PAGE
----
"Connecting India is an important goal we won't give up," says Mark Zuckerberg's FB post

By Adamya Sharma | Updated 9 Feb 2016
"Connecting India is an important goal we won't give up," says Mark Zuckerberg's FB post
  • Mark Zuckerberg is "disappointed" with the TRAI ruling on Differential Pricing for data services such as Free Basics. Here is what he posted on Facebook.

Yesterday, Facebook's plans of initiating its Free Basics internet service in India fell flat as the Telecom Regulatory Authority of India ruled in favour of protecting Net Neutrality and barred differential pricing. After the decision was made, Facebook CEO, Mark Zuckerberg posted the following statement on Facebook- 

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"Everyone in the world should have access to the internet. That's why we launched Internet.org with so many different initiatives -- including extending networks through solar-powered planes, satellites and lasers, providing free data access through Free Basics, reducing data use through apps, and empowering local entrepreneurs through Express Wi-Fi.

Today India's telecom regulator decided to restrict programs that provide free access to data. This restricts one of Internet.org's initiatives, Free Basics, as well as programs by other organizations that provide free access to data. While we're disappointed with today's decision, I want to personally communicate that we are committed to keep working to break down barriers to connectivity in India and around the world. Internet.org has many initiatives, and we will keep working until everyone has access to the internet. Our work with Internet.org around the world has already improved many people's lives. More than 19 million people in 38 countries have been connected through our different programs. Connecting India is an important goal we won't give up on, because more than a billion people in India don't have access to the internet. We know that connecting them can help lift people out of poverty, create millions of jobs and spread education opportunities. We care about these people, and that's why we're so committed to connecting them.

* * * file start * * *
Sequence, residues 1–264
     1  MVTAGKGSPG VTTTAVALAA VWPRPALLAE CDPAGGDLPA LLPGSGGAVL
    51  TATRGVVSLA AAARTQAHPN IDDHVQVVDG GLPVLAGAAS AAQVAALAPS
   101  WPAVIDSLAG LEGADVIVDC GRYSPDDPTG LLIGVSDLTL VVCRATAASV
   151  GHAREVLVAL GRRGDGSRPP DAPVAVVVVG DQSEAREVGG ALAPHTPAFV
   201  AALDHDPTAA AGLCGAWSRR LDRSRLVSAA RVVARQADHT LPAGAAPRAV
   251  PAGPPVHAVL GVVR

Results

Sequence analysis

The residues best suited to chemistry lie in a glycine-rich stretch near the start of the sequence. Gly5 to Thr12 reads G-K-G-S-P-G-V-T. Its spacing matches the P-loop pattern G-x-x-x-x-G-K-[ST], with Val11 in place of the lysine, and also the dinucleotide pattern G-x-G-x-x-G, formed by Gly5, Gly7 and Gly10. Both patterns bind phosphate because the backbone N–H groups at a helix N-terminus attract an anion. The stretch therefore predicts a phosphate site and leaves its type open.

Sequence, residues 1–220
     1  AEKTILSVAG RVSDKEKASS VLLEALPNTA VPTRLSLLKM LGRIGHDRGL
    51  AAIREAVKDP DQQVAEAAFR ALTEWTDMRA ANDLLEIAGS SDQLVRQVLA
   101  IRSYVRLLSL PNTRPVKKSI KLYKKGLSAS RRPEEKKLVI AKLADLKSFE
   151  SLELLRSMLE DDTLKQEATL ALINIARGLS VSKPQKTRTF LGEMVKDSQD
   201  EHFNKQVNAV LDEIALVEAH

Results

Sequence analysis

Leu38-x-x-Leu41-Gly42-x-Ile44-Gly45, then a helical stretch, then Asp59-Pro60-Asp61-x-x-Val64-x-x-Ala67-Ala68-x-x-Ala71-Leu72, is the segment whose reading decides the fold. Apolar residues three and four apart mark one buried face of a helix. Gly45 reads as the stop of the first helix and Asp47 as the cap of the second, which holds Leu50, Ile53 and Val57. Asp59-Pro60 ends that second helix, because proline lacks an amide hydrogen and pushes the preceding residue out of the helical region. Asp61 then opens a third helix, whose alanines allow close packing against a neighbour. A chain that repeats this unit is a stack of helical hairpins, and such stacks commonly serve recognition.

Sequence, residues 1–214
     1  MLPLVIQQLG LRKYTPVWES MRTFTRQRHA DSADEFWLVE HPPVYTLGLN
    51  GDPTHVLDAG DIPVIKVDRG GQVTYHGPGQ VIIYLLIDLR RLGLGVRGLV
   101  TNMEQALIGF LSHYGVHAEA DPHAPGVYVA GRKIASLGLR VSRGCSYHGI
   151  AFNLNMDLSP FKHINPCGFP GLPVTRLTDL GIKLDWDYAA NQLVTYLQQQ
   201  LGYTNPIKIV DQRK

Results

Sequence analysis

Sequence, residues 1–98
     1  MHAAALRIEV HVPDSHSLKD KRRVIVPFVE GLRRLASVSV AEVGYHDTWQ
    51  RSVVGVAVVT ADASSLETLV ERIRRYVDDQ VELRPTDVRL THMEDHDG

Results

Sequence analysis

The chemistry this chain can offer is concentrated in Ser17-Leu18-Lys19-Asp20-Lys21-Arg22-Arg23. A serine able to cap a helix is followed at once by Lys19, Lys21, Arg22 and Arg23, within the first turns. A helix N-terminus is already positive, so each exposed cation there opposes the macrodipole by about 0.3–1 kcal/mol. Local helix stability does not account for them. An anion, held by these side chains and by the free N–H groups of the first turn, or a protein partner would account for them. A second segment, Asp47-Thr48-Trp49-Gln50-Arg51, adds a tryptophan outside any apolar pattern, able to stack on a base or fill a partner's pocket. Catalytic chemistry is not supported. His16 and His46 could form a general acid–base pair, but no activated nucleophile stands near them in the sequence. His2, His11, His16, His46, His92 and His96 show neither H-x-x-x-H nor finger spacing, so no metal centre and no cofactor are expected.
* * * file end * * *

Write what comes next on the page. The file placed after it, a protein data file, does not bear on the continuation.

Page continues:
Our mission is to make the world more open and connected. That mission continues, and so does our commitment to India."

So, even though the regulator has ruled against the Free Basics service, it seems like Zuckerberg will now try and market Facebook's other internet dissemination initiatives in India. The one that's creating a lot of buzz currently is Facebook's Aquila drone. Last year, Facebook confirmed the successful test flight of a drone prototype dubbed “Aquila” in Britain. “The idea is to loiter over an area for months at a time and beam down internet service,” said Facebook's chief technology officer, Mike Schroepfer. As of now Facebook's Free Basics is a no go and will not see the light of day in India. You can also see  Mark Zuckerberg's post below.  

 

Everyone in the world should have access to the internet. That's why we launched Internet.org with so many different...

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Posted by Mark Zuckerberg on Monday, February 8, 2016

 

Adamya Sharma
Managing editor, Digit.in - News Junkie, Movie Buff, Tech Whizz!
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